I really enjoyed reading John McWhorter's Woke Racism last month. So I decided to give this book a try. It's on a totally different topic, but equally in McWhorter's wheelhouse as a linguistics professor at Columbia.
What are the nine nasty words? Well, some of them I'm OK with typing, others not. (Caveat lector, McWhorter spells them all out.)
3. the F-word;
6. dick (and the female equivalent);
7. the N-word;
8. the other F-word (and the female equivalent);
I think that's (more or less) right; the book mentions many more profanities. Like a good linguistic scholar, McWhorter describes their possible/probable origins, their use in literature, pop culture, even legal filings. (Babe Ruth's dad makes an appearance right at the beginning.) There's fascinating detective work on how the words moved in and out of "respectable" discourse. There are all sorts of citations, many drawn from McWhorter's own "lived experience". (He hung out with some pretty salty folks.) The oeuvre of "dirty blues" singer Lucille Bogan turns out to be a rich source of smut. The rationale of ending the N-word with "-er" vs. "-a" turns out to be surprisingly nuanced. When was bitch first spoken in a movie? The answer may shock you!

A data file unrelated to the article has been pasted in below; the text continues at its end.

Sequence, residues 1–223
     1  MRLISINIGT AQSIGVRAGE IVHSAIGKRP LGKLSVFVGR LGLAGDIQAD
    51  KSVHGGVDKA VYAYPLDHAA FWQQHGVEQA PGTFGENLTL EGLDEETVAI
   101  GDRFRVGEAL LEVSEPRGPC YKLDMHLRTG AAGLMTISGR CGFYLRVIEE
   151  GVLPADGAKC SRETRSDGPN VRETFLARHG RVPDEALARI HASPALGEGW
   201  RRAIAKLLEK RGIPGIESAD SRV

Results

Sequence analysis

Something of which I was unaware: out on the Left Coast, the phrase "flip a bitch" is used to describe making an illegal U-turn. McWhorter notes how odd and wonderful this is:
A word Iron Age Europeans used to refer to female dogs is now used on the other side of the other side of the world in California to refer to making illegal U-turns.
And, reader, there is page after page of this stuff. Above all, the book communicates McWhorter's enthusiasm and joy in accumulating facts, establishing lexicographic histories and relationships, and telling great stories. It's a word guy's version of what Feynman called "the pleasure of finding things out."